Hurricane Eta is moving away from the U.S. this week. So why are forecasters telling Florida to pay attention?

Chris Perkins, South Florida Sun Sentinel
·3 min read

Hurricane Eta is far from the U.S. and moving in the other direction toward Central America. But the storm has the attention of forecasters in Florida who say it’s possible the track will do an about-face and pose a threat to the Sunshine State.

Currently a major hurricane, Eta is on a direct course for Nicaragua. It’s far too early to know for certain what the storm will do once it makes landfall, but forecasters say Floridians, especially those on the northwest coast and the Panhandle, should be paying attention.

Eta will stall after making landfall in Nicaragua and meander over Central America for a day or two. The key is what happens at that point.

“That’s where the forecast gets a little more complicated,” said Carl Erickson, senior meteorologist for AccuWeather.

Some models have Eta emerging in the northwest Caribbean and re-organizing into a tropical storm and eventually a hurricane while heading in the direction of Florida.

Other models have Eta getting absorbed by the mountains and terrain in Nicaragua and Central America and dissipating.

A few models had a third option, which is Eta crossing Central America and emerging on the Pacific Ocean side. Erickson said that’s looking less likely.

“It’s either going to fall apart over land in Central America or re-emerge in the northwestern Caribbean,” Erickson said. “Those two scenarios are more likely than it coming back out over the Pacific.”

Eta isn’t likely to threaten the United States for another 10 or 12 days. Forecasters will have a better idea of its path in two to four days.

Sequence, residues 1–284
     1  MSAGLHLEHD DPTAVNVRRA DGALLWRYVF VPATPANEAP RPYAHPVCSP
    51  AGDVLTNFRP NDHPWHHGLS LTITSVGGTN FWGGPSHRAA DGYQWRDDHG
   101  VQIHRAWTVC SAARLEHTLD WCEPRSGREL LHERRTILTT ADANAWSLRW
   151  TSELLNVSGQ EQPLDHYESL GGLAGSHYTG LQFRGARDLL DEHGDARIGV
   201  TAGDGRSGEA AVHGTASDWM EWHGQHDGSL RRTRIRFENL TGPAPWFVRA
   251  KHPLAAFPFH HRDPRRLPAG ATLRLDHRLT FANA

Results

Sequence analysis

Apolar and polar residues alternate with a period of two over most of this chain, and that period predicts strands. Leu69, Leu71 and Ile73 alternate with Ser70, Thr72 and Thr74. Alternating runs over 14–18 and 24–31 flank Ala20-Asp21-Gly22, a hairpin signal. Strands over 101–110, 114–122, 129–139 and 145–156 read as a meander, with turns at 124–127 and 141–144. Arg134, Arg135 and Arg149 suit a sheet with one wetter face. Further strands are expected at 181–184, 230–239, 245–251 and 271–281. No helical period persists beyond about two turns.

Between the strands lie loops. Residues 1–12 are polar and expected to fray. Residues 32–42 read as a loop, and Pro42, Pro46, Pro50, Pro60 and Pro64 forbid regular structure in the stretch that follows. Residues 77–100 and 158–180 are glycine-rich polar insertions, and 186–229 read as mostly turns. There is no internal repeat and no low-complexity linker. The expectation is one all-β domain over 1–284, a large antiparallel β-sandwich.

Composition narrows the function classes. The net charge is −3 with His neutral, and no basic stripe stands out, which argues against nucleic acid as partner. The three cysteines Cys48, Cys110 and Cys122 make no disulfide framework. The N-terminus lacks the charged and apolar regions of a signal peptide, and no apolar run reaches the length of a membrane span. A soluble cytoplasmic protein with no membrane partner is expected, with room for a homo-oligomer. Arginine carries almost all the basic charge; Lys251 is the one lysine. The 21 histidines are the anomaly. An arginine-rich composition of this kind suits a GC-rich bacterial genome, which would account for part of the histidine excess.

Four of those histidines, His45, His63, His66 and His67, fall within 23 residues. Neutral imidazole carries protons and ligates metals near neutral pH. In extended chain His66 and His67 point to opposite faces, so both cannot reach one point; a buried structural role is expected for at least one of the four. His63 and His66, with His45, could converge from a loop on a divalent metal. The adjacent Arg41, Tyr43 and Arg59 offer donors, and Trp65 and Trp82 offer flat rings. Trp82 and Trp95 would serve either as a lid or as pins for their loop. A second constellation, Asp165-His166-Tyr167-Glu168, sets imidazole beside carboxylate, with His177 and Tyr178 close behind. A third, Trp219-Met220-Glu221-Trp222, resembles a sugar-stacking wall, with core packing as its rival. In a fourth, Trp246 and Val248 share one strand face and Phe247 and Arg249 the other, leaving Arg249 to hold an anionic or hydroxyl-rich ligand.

However, hurricanes that form this late in the season often come together in the northwestern Caribbean and boomerang back toward Florida, according to Jonathan Erdman, digital meteorologist for IBM’s

The combination of warm water and low wind shear means Eta, a Category 3 storm with 120 mph winds, could strengthen to a Category 4 storm (winds between 130 and 156 mph) before it makes landfall, according to AccuWeather and the National Hurricane Center.

If that happens it would be only the fifth hurricane to reach that status in November. The Cuba Hurricane in 1932 reached Category 5 status, and Lenny (1999), Michelle (2001) and Paloma (2008) all reached Category 4.

Few think Eta will conclude this season’s activity.

Although hurricane season is officially June 1 to Nov. 30, there could be storms after the season concludes such as in 2005 when Tropical Storm Zeta formed Dec. 30 and lasted until Jan. 6. Tropical Storm Zeta didn’t threaten any land or lives and is classified as what forecasters call a “stat storm,” or one that just counts toward statistics. One or two more could be coming.

“I would be shocked if we didn’t tally up at least 30 named storms this year,” Erdman said.

That means Floridians can’t relax just yet.

“You should still have your hurricane plans in place,” Erdman said.


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